by Constantine von Hoffman

Weekly Cybersecurity Roundup: Bandits Bust Bitfloor for $250K in Bitcoins and More

Sep 07, 20124 mins
CybercrimeMalwarePatch Management Software

This week's IT security roundup has stories on a Bitcoin robbery that resulted in a shutdown of the online-currency exchange; a security fix from Apple meant to address controversial Java flaws in Mac OS X; the first ever Irish-language ransomware; and more.

Bandits Bust Bitfloor for $250K in Bitcoins: Bitcoin-exchange Bitfloor has suspended operations as it tries to determine who stole 24,000 units of the virtual currency via an unencrypted backup. (Bitcoins [BTC] are currently worth $10.93 each, according to several conversion sites, so 24,000 BTC are valued at more than $250,000.) The robber made off with the BTC by transferring them from the backup to an unknown location. Bitfloor founder Roman Shtylman announced the shutdown in a post on Bitcoin Forum, writing, “Even tho (sic) only a small majority of the coins are ever in use at any time, I felt it inappropriate to continue operating not having the capability to cover all account balances for BTC at the time.” 

Apple Issues Its Own Fix for Java Vulnerabilities: The Java SE 6 update is supposed to patch flaws that could let an attacker remotely execute code on a targeted system. The update also patches the flaw in Mac OS X 10.6, as well as the more recent Lion and Mountain Lion versions of the Mac OS. The update only applies to the SE 6 versions of Java for OS X, which Apple still maintains. Development and maintenance responsibilities of the Java platform were given back to Oracle with the Java SE 7 build. Oracle issued its own fix for the vulnerability in Windows, OS X and Linux systems last week. Oracle has taken a lot of heat because researchers found that it had known of the problems for months and didn’t release a patch until after active exploits for the issued surfaced.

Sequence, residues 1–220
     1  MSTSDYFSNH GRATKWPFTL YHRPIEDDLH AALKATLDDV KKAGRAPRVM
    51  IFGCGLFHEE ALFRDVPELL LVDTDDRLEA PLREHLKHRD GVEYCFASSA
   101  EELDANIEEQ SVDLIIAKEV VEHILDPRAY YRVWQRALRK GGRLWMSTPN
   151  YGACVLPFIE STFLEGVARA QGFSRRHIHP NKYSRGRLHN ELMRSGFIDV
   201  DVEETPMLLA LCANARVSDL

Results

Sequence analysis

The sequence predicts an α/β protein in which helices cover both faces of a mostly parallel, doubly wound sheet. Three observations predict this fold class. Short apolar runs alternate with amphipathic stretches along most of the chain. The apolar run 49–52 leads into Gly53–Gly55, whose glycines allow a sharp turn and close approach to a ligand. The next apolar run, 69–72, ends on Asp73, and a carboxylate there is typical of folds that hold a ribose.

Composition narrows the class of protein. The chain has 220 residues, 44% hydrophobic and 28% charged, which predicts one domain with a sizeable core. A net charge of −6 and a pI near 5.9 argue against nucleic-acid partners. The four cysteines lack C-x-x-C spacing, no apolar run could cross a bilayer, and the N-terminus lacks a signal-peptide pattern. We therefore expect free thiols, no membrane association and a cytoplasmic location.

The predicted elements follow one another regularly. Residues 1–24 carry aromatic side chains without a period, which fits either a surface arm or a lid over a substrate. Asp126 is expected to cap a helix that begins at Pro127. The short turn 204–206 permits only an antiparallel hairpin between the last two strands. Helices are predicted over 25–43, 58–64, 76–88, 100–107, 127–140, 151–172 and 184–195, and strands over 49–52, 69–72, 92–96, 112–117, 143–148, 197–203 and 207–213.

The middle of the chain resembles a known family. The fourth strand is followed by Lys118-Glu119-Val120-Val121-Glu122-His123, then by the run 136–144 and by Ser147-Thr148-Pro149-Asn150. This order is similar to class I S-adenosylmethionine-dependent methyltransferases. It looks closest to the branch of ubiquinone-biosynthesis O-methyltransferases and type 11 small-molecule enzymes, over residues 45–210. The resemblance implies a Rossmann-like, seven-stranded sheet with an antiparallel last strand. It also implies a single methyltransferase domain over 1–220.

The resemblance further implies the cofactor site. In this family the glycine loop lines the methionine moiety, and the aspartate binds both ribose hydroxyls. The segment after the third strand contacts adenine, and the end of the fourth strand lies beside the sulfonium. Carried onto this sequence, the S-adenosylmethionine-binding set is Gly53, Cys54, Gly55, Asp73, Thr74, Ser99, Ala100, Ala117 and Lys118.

Malware Tricks German Bank Customers Into Approving Thefts: Researchers for Trusteer discovered a program called Tatanga that bypasses chipTAN systems, which are used by Germans for online banking, by tricking users of infected machines into authorizing fraudulent transfers from their accounts. The Trojan injects code into a trusted online banking Web page that tells users the bank wants them to do a chipTAN “test.” The user is then asked to generate a TAN for the test transaction and enter the authorization code into an HTML page that mimicks the look and feel of the bank’s website. Criminals then use the codes to authorize fraudulent transfers from the user’s online banking account.

Arizona Man Jailed for Infecting 72K Computers: Joshua Schichtel has been sentenced to 30 months in prison for using botnets and selling access to them, according to the U.S. Department of Justice. Schichtel pleaded guilty to causing software to be installed on approximately 72,000 computers on behalf of a customer who paid him $1,500 for use of the botnet. Schichtel is also said to be connected to a group of hackers who used denial-of-service attacks to target victims. Schichtel allegedly was a member of the so-called DDOS mafia, a group of hackers that attacked websites on behalf of a business owner, but 2004 charges against him in California were dropped because prosecutors didn’t file an indictment by the required deadline.

Strangest Security Story of the Week: First Irish-Language Malware Discovered: A man in County Donegal, Ireland, was targeted by a strain of ransomware dubbed Gaeilge that locks up infected computers and attempts to extort $126.38 (€100) from users for an unlock code. The demand reportedly appeared in poorly written Gaelic, and it is thought to be the first Irish-language malware ever discovered. The victim wisely took his compromised machine for repairs rather than handing over money to the crooks. The virus claimed the lockdown was a result of the Irish government detecting that the user had accessed online pornography. Gaelic, the ancient language of Ireland, is primarily spoken by people in the far western reaches of the country. According to Ireland’s 2011 census, 1.7 million people say they can speak it, but only 77,000 say they speak it on a daily basis. I wonder when we’ll see some Mongolian malware.

Image via KBillTV